BBC doesn’t shut the fuck up

I was watching the BBC’s 10pm news this evening, delayed slightly due to coverage of Brazil’s less than impressive 1-0 win over Croatia.

The lead story was that of the police’s apology for the hurt they may have caused in their wrongful arrest of two brothers in east London. (The fact that the police weakened the apology by using the phrase "I apologise for the hurt we may have caused" is an aside.)

I was surprised by the BBC’s decision to air one of the brothers’ claim that the police told him to "shut the fuck up" on entering the property. While after the 9pm watershed, it was certainly a bold, admirable move to make on the primetime news. This is something that I think would be unheard of in the US.

I was equally surprised that the online coverage of the same story did not reference this line, although a full video of the briefing is available. In the past, the BBC’s online offering has been notoriously more bold/controversial than its TV counterpart.

The site often includes swearing in circumstances where it is intrinsic to the article itself. It usually chooses to place such references after the fold (where the bottom of the screen generally cuts the article when you’re at the top of the page), so that they are only read by people genuinely interested in the article, and so that they aren’t automatically pushed to other media (e.g. Ceefax) that are more widely accessible.

In this instance, the reference was important to the story, and warranted airtime. Heartening.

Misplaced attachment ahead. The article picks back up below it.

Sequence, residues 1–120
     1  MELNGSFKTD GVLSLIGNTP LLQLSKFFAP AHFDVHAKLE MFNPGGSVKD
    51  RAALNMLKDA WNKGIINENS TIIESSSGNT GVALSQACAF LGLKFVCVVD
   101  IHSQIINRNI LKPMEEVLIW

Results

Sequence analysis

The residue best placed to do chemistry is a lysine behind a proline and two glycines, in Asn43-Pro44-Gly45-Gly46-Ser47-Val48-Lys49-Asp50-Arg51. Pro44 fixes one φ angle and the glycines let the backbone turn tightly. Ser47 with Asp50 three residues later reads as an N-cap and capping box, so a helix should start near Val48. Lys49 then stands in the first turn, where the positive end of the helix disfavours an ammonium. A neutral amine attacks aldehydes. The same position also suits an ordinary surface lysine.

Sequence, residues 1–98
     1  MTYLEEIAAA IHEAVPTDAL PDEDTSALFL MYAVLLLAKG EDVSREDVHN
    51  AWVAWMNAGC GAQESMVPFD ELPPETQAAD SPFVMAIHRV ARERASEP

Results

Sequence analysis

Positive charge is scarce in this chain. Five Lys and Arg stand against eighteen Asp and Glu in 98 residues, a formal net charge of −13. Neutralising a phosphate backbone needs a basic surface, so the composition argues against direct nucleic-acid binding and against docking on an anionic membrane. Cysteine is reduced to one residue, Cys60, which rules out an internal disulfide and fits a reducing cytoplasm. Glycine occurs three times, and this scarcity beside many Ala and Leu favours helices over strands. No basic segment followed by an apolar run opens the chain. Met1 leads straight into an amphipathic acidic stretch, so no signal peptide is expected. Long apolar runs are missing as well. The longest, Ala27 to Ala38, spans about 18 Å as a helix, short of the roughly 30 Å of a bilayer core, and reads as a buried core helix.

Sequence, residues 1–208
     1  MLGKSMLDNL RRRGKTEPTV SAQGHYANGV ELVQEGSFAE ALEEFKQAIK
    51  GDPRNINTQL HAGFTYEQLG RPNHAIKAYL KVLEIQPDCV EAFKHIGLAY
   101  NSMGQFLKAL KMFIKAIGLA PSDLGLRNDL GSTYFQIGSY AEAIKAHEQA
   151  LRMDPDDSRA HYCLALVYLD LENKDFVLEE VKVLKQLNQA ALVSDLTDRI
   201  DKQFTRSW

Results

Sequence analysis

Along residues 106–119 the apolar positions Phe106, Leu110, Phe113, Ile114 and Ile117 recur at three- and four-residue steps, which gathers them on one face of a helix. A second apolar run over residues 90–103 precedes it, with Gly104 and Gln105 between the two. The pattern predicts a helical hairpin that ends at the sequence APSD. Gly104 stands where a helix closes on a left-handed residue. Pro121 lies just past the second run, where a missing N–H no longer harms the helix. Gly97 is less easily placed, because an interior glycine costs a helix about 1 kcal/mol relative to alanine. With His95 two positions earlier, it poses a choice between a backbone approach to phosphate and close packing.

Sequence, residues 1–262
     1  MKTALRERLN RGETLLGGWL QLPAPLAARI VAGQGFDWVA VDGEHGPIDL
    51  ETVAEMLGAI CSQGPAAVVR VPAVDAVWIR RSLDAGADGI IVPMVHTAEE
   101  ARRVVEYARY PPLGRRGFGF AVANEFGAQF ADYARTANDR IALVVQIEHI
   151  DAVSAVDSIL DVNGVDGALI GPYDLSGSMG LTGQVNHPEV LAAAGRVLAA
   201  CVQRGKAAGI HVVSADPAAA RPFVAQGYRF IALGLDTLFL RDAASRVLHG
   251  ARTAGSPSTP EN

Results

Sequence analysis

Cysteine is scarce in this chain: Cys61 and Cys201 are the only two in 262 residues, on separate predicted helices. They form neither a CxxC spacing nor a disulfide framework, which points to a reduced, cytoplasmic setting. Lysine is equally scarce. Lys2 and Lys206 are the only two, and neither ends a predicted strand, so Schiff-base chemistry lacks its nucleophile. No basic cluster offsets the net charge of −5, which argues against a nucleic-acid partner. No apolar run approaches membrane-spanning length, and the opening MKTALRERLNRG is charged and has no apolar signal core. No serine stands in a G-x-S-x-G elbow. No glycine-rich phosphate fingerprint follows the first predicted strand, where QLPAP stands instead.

3 Responses to “BBC doesn’t shut the fuck up”

  1. Bob on June 17th, 2006 21:18

    In this case the cordon wasn’t wrongful and whilst you browsed Supertramp cds, men and women in the police force had to work near that van.

    Once you kick off a response to a perceived threat there is no hindsight to lean on.

    How many people would go into a house, with a known violent gun crime profile, looking for cyanide?

    None of the police knew if they will be seeing their families after the operation. The two targets walked away alive thankfully.

    A big bang, gun-shot or cyanide gas cloud – it’s not exactly an easy job, so most of us would indeed head for the cd racks.

  2. Dan on June 17th, 2006 23:30

    I am hugely grateful for the police’s actions that day in 1996, although I do question your views on my perceived taste in music.

    As for the recent events in east London, again, I admire the people on the front line. I do, however, question the source of the intelligence that seems to have pointed towards two innocent people. And I do believe that the qualification in the police’s apology was unnecessary and de-valued it somewhat.

    The police will make mistakes, as do people in any other line of work. However, they need to be answerable for those mistakes. I am still flummoxed by the lack of heads rolling due to the Stockwell shooting of Jean Charles Menezes, for example.

  3. Harry Snapper-Organs of The Yard on June 20th, 2006 07:54

    No heads have rolled for Stockwell because the independent report hasn’t been published yet! It’s due anytime now.

    Intelligence is often given to the police by other agencies, then its a question of minimum and maximum regret – do nothing or do something? Perhaps MI5 should apologise.

    How do you check intell. before acting? What if you delay and the risk materialises? Is there a formula for this? When to procrastinate and check?

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